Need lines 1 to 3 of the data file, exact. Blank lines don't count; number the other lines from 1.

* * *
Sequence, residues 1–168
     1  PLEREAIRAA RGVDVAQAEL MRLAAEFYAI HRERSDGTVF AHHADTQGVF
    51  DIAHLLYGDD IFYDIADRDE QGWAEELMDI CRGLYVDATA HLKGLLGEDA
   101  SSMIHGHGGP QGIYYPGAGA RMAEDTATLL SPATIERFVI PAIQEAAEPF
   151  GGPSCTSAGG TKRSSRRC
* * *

Sequence, residues 1–168
     1  PLEREAIRAA RGVDVAQAEL MRLAAEFYAI HRERSDGTVF AHHADTQGVF
    51  DIAHLLYGDD IFYDIADRDE QGWAEELMDI CRGLYVDATA HLKGLLGEDA